Items by Elizabeth Manning

Skunked Democrats hope to turn the tide
In Washington, Democrats hope to win back the state Legislature that went to Republicans two years ago.
Colorado resort shelves ski expansion
The Crested Butte Ski Resort in Colorado drops its plans to build new ski runs on a neighboring mountain.
If they build it, will more come?
A plan to build a visitor's center for Utah's Grand Gulch worries some, who fear more people - including pothunters - will be encouraged to visit the area.
What goes around, comes around
Nye County, Nev., county-movement leader Dick Manning loses two lawsuits in court.
Forests worth fighting for
A state-by-state look at some of the West's most controversial timber sales describes what activists are doing to fight them.
Prayers generate hope and bring showers
The drought helps spur a religious resurgence for traditional Navajos, as shown by a ceremony on Colorado's Hesperus Peak, one of the Four Sacred Mountains in Navajo lore.
Drought has Navajos discussing a taboo subject - range reform
The Southwest's drought has Navajos discussing overgrazing on the reservation and the need for range reform.
No pay for pooches
Defenders of Wildlife, which compensates ranchers for livestock killed by wolves, says it cannot compensate for pets killed by wolves.
Fire sweeps through the Southwest
The Southwest's drought brings an early and ferocious forest fire season.
The big dogs: Outward Bound and NOLS hit their thirties
The National Outdoor Leadership School (NOLS) and Outward Bound are the biggest outdoor education schools in the West.
Acting for the environment
A Northwest conservation and outdoor recreation group, The Mountaineers, educates children by sending actors such as Loren Foss into schools, who teach by assuming character roles such as "Old John."
Spreading the gospel: Outdoor education teaches people to know and care about the West
The number and variety of outdoor education programs has increased dramatically in the last 25 years.
Wildflowers made easy
G.K. Guennel's two-volume "Guide to Colorado Wildflowers" makes plant identification easy.
Heard Around the West
Tot finds dinosaur egg, N.M. governor finds jokes about hwy. dept. ot funny, lights on Hwy. 666 in N.M. save lives, Washington roads made of old tires burst into flames, Nevada's "extraterrestrial hwy.," and classic hwy. story from Montana.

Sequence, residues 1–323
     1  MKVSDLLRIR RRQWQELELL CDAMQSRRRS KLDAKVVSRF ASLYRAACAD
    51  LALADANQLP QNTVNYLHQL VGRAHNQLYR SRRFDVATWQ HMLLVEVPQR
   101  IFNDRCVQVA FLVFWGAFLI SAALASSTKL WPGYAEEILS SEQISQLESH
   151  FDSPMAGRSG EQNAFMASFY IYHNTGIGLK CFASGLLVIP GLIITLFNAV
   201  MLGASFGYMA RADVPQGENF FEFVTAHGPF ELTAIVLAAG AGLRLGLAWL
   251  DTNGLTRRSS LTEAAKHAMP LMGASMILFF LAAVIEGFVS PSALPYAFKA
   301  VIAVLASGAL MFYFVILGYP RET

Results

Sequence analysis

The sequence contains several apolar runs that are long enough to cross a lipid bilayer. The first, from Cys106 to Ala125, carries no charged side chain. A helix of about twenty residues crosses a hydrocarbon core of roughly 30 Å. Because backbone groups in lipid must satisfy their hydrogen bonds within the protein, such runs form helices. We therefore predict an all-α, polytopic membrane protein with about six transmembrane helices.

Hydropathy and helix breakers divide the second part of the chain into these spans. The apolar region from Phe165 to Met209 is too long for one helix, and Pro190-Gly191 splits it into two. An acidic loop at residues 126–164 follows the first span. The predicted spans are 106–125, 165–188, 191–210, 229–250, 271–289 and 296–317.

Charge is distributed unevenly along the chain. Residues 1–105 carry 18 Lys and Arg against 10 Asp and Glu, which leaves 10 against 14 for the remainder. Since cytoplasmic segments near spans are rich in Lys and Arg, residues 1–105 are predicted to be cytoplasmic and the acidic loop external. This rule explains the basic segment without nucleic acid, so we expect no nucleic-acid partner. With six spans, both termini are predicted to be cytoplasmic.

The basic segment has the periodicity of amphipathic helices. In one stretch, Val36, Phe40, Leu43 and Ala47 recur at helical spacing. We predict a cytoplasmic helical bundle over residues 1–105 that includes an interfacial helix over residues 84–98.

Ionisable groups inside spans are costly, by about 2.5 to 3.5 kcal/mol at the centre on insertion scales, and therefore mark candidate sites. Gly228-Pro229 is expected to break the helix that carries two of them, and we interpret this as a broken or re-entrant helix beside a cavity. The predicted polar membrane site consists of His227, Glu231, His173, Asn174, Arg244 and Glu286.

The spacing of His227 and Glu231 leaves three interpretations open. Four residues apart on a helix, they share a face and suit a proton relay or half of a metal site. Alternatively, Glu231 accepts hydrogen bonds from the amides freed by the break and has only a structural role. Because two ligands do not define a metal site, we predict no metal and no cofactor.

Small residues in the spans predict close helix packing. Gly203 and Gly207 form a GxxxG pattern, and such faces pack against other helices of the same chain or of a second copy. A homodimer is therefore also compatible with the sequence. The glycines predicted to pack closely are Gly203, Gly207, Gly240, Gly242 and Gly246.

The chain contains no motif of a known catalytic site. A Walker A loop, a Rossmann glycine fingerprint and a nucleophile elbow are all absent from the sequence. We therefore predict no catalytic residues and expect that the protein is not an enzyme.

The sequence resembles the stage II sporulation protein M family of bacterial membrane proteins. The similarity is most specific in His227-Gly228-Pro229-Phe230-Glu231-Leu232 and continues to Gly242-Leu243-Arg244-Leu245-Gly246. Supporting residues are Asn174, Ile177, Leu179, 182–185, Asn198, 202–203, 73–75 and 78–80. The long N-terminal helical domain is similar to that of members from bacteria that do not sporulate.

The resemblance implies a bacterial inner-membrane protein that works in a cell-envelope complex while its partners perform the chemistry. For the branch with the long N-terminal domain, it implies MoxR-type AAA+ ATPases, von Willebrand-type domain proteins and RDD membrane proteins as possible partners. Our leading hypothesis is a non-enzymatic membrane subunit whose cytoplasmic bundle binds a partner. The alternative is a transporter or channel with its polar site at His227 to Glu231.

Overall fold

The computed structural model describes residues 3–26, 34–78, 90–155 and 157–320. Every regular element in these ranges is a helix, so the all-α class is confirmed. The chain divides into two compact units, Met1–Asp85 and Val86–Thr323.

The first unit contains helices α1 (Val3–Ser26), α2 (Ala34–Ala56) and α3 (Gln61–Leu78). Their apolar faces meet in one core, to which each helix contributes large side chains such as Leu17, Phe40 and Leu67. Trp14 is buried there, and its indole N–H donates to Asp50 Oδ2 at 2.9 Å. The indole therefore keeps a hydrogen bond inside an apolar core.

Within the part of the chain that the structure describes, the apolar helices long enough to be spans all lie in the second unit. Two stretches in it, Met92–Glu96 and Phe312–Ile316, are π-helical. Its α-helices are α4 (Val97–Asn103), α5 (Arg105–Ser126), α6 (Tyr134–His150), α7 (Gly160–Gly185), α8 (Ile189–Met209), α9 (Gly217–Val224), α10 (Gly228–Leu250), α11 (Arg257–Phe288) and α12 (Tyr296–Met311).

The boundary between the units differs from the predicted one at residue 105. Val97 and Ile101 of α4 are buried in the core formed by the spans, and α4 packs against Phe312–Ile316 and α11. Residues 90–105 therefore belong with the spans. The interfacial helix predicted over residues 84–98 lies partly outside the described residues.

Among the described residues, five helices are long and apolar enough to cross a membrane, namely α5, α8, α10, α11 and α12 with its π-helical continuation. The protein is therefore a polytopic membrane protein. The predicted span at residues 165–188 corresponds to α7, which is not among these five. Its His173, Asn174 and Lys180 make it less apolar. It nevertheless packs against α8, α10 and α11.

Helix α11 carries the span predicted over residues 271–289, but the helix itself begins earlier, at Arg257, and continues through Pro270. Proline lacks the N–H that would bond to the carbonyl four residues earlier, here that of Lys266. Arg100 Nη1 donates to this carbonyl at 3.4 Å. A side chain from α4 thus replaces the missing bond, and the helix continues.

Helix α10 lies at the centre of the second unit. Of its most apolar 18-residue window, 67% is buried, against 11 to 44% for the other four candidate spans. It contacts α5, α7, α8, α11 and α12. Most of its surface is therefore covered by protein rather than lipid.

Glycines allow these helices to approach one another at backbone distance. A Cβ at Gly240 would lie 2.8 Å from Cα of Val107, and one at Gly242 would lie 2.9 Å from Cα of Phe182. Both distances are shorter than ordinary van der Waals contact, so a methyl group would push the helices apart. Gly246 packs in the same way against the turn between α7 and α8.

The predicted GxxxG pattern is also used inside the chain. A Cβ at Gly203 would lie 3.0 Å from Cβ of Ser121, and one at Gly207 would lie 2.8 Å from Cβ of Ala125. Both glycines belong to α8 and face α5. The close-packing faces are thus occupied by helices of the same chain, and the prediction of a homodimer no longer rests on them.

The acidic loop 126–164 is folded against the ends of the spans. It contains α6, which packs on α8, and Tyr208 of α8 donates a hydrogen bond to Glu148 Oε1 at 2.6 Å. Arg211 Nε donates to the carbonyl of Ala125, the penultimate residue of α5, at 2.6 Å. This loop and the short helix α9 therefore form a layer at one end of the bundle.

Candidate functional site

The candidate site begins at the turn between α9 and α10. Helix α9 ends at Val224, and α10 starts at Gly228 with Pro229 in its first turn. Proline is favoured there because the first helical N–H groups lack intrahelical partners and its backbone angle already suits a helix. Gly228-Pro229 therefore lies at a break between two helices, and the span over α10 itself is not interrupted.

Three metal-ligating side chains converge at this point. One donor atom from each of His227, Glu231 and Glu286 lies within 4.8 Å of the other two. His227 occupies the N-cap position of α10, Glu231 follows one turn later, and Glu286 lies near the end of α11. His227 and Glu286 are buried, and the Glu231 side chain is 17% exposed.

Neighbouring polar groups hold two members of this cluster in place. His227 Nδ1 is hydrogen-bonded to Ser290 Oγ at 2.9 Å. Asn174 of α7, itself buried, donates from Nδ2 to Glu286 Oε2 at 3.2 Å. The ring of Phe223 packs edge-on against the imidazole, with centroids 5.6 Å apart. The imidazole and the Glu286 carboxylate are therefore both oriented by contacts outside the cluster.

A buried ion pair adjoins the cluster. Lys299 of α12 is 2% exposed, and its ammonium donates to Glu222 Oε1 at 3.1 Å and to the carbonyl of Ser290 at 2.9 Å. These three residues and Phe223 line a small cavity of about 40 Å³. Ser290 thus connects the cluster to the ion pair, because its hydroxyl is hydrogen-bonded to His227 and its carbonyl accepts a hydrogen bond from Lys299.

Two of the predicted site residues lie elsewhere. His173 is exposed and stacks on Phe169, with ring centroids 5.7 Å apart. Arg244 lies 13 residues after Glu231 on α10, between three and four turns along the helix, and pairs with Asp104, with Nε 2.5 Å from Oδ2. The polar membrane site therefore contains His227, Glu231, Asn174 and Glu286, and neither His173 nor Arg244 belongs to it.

Santa Fe residents win ski area fight
The controversial expansion of the Santa Fe Ski Area into a mountain basin called the Tesuque hits a legal snag when regional forester Charles Cartwright orders the original approval ruling to be reconsidered.
Utah's Burr Trail still leads to court
The Park Service sues Garfield County, Utah, after a road crew repairing the Burr Trail bulldozes a hillside inside the boundaries at Capitol Reef National Park.
Indian gaming still in legal muddle
The Supreme Court's decision in "Seminole vs. the State of Florida" is a clear victory for states' rights but a muddle for Indian gaming.
Deadwood pays dearly for gambling riches
Legalized gambling in Deadwood, S.D., has brought prosperity but destroyed a community in the process.
Navajos say no - then maybe - to casinos
Navajos are undecided about whether to legalize gambling with all its potential money - and many problems.
I made $52,000 in 1994 and never bought a pair of shoes that whole year
In her own words, an anonymous gambler describes how she got hooked on gambling at Arizona's Fort McDowell.
Life is a game, but bingo is serious
Modern Indian gambling began with a lawsuit over bingo at New York's Oneida Nation, and bingo continues to be important to the tribe.
Gambling: A tribe hits the jackpot
Gambling at Arizona's Fort McDowell has taken the Yavapai Indians from poverty to wealth in just three years.
Flooding: Whose fault?
Environmentalists say manmade causes such as logging and road-building contributed to flooding and landslides in the Northwest during a wet winter.
Santa Fe ski area growth enrages locals
Local Native Americans, Hispanics and Anglos share outrage at the Forest Service's approval of the Santa Fe Ski Area's Big Tesuque expansion.
Ski workers look for a home
If the Adam's Rib ski resort is built, western Colorado's already displaced workers will have to commute even farther to find a place to live.
Jury convicts a grave robber
Oregon resident Jack Lee Harelson is found guilty of looting an Indian burial cave in Nevada, and pothunter Earl Shumway is sentenced in Utah to six-and-one-half years.
Welcome back (with a bang)
FBI has no suspects in bombing of Espanola, N.M., Forest Service office Jan. 8.
Move to repeal logging rider gathers speed
The salvage logging rider faces possible repeal in Congress.
Fire on the mountain
The film "Fire on the Mountain" traces the history of WWII's famous 10th Mountain Division, veterans of which founded ski resorts and became prominent environmentalists and outdoor educators.
Organizations from `Get a gun' to `No way'
A list of organizations that hold positions from pro-hunting through neutral to anti-hunting.